Local bleeding resulting from soft-tissue and vessel injury is the most common cause of postoperative hemorrhage and they are usually sufficiently controlled by biting on gauze and the patient is instructed to avoid talking or chewing for about one hour and to minimize activities for the entire day following the procedure.51 However, persistent intraoperative bleeding control may require additional sutures to the wound and the use of other haemostatic agents like vasoconstrictor such as epinephrine 1:100,000, application of topical thrombin to the wound or the use of a packing medium, such as gelfoam or surgicel, ActCel, BloodSTOP, Collaplug, tranexamic acid, and bone wax. Arterial bleeding is best handled with vessel identification and ligation or cautery.18,51,54
Bouloux et al.5 advised that the management of patients with hematological or underlying systemic causes should be an interdisciplinary approach with a hematologist, and they encouraged the maximal use of local measures, including the fabrication of an individually fitted dressing plate before surgery. They also suggest that antithrombotic medications, such as Coumarin (warfarin sodium) be changed temporarily to heparin during the perioperative period. Treatment of mandibular arteriovenous malformations involves either surgical excision or embolization.5
A detailed preoperative medical history and a meticulous clinical assessment are central to the prevention of adverse hematological sequelae. Where indicated, angiography may be essential to confirm the diagnosis and assess the extent and vascular architecture of patients with arteriovenous malformation. Oral rinse with 10mls of an antifibrinolytic agent (or fibrin-stabilizing factors) such as tranexamic acid (4.8%) solution or epsilon-aminocaproic acid (Amicar), four times daily for seven days following surgery, has been reported to attenuate oral fibrinolysis from salivary enzymes.54,56

Damage to adjacent teeth
The reported incidence rate for damage to adjacent teeth as a complication of third molar surgical extraction is 0.3% to 0.4%.52 Second molar teeth with large restorations, crowns, or caries are often at risk of being damaged during the removal of third molars.51,54 Inadvertently luxated or avulsed adjacent tooth should be repositioned and fixed in placed for 10–14 days with the least rigid fixation possible to prevent ankylosis and root resorption.18,54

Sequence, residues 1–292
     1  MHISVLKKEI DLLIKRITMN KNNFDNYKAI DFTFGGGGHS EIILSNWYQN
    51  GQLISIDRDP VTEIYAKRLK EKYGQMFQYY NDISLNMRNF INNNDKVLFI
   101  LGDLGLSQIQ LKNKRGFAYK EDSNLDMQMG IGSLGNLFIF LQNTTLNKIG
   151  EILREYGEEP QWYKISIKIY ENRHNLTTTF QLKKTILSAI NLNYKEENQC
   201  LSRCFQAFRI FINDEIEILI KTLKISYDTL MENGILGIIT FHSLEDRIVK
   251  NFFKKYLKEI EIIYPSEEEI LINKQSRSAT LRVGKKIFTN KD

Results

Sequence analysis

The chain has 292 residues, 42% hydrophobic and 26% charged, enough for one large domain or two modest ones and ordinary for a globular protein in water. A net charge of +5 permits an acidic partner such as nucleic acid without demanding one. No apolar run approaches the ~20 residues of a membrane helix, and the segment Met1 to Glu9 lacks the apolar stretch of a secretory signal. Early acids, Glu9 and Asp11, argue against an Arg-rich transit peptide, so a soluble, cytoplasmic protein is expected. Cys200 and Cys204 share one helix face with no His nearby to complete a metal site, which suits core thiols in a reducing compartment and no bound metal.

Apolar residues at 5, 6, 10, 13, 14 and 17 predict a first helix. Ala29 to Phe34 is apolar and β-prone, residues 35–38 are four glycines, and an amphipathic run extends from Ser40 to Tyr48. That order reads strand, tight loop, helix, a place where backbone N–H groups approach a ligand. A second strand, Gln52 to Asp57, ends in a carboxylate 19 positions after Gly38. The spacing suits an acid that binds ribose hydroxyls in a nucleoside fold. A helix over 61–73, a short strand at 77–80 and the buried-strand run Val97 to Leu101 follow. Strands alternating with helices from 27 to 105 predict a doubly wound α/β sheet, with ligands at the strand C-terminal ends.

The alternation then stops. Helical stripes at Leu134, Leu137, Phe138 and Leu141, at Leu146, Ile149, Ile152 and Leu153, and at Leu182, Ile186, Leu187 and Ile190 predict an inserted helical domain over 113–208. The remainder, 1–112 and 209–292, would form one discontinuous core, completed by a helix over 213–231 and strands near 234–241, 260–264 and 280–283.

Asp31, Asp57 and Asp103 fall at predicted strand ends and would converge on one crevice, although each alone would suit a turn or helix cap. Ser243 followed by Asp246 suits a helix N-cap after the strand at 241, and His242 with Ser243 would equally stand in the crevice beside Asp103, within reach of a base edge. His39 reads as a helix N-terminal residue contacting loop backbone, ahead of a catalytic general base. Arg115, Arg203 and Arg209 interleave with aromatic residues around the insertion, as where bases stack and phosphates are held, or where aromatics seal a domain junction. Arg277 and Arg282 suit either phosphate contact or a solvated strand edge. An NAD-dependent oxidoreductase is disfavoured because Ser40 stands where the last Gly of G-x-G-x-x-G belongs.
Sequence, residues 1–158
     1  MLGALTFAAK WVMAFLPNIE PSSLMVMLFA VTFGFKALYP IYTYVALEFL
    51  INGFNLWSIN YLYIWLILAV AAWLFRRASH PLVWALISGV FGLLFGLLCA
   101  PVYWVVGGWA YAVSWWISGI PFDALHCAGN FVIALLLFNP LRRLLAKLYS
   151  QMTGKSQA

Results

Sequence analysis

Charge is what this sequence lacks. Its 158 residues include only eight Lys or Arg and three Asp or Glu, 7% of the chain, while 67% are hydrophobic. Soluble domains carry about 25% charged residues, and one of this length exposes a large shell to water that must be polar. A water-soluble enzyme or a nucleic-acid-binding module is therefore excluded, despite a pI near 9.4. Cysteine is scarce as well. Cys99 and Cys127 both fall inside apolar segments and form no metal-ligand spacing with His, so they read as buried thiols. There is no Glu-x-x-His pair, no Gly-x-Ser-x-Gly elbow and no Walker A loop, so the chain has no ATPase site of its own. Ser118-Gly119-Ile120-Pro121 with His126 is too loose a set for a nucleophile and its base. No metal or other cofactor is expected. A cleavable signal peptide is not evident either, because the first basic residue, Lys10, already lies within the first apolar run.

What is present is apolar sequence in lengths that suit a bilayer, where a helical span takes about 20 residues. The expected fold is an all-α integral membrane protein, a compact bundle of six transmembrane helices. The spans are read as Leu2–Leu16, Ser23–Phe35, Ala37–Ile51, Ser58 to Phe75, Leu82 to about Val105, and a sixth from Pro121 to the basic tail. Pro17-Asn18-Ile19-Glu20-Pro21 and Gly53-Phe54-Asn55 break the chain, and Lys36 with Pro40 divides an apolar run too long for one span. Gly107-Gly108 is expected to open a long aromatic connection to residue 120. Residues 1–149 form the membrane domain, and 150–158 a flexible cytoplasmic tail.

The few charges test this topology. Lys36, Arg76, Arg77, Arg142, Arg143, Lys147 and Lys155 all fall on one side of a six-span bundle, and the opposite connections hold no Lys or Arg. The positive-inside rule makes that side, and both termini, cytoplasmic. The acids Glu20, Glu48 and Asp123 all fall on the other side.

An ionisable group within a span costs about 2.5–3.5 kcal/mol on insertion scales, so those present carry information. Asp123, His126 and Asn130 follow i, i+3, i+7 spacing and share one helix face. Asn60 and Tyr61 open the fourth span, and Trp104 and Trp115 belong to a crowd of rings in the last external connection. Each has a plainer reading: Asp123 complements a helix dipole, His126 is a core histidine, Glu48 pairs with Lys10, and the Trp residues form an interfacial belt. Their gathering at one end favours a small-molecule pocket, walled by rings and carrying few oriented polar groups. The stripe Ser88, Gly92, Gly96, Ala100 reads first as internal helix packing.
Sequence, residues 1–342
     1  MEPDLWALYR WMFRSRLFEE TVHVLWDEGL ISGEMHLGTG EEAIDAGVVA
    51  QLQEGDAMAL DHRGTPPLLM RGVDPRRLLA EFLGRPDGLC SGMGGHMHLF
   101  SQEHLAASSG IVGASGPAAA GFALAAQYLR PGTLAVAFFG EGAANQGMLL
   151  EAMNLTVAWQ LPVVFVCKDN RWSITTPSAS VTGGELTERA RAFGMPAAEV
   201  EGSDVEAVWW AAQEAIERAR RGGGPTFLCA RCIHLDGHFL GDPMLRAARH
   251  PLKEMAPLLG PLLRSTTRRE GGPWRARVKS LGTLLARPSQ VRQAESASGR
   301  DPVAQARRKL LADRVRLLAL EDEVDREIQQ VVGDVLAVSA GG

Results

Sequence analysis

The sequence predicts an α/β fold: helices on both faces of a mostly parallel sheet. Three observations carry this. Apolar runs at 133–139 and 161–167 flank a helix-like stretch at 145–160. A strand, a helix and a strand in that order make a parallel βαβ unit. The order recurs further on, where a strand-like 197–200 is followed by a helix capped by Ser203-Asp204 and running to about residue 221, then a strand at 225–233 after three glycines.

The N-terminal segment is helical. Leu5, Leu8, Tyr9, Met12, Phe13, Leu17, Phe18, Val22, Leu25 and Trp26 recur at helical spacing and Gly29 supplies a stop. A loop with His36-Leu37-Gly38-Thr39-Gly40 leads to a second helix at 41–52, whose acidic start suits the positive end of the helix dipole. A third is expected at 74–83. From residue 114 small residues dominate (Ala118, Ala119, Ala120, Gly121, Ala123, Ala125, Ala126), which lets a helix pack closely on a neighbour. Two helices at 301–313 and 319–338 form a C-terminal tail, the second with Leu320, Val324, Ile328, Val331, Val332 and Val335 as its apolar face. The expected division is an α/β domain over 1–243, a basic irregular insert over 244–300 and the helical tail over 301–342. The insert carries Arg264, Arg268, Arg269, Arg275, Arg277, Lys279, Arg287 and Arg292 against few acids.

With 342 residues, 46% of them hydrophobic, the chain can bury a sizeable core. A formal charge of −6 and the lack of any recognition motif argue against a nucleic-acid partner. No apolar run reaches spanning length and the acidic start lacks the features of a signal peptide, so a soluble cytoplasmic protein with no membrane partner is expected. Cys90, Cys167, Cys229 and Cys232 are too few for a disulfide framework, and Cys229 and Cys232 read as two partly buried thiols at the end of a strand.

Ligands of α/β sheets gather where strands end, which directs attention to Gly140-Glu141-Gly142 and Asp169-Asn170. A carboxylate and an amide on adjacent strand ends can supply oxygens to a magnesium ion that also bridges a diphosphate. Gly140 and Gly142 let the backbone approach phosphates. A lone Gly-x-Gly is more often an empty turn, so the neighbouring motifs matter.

A careful visualization of the entire operating field, judicious bone removal, and the correct use of surgical elevators with a meticulous technique are necessary to minimize the risk of trauma to the adjacent teeth.51 It is important to discuss the likely incidence of this complication with the patient ahead of the surgery whenever the surgeon after clinical and radiological assessment perceives the possibility of its occurrence.

Mandibular fracture
Mandibular fracture as a complication of third molar surgery is considered by many authors to be very rare, with an incidence range of 0.0046% to 0.0075%.14,57,58 Mandibular fracture may present as an intra-operative, immediate or late (usually within the first 4 weeks and referred to as pathological fracture) postoperative complication.14 A ‘cracking’ noise reported by the patient is documented to be the most frequent presentation (77%) and majority (70%) of these iatrogenic fractures occur on the left side of the patient.14 The pathological fractures are typically located anterior to the angle of the mandibular.59 Risk factors for mandibular fracture include; age (above than 25 years, as bone becomes brittle with age), male gender, associated pathologies (bone lesions), distoangular impaction (requires more bone removal), and relative volume of the tooth in the jaw.58,60,61 Some authors have also suggested that patients with full dentition can produce peak levels of biting forces, that are transmitted to the weak mandible during mastication thereby resulting in a higher risk of fracture irrespective of gender.61 Mandibular fracture attributable to surgical third molar extraction can be prevented by ensuring proper instrumentation and the use of controlled force. In addition, tooth sectioning should be prioritized above excessive bone removal.60,62 Placing the patient on a soft diet for up to 4 weeks after extraction as a follow-up precaution could be very helpful.14,60

Others
Other complications of third molar surgical extractions found in the literature include; temporomandibular disorders, delayed healing and wound dehiscence, displacement of lower third molars into adjacent potential spaces, soft tissue injuries (such as injuries to the neighbouring soft tissues including buccal fat pad, hematoma formation or surgical emphysema) and swallowing or aspiration of the extracted tooth or its fragments.13

Conclusion
Third molar surgical extractions are associated with certain complications some of which are unavoidable. Therefore, adequate patients’ education and psychological preparation for the procedure and its sequelae are necessary to keep up patient’s confidence for future dental care.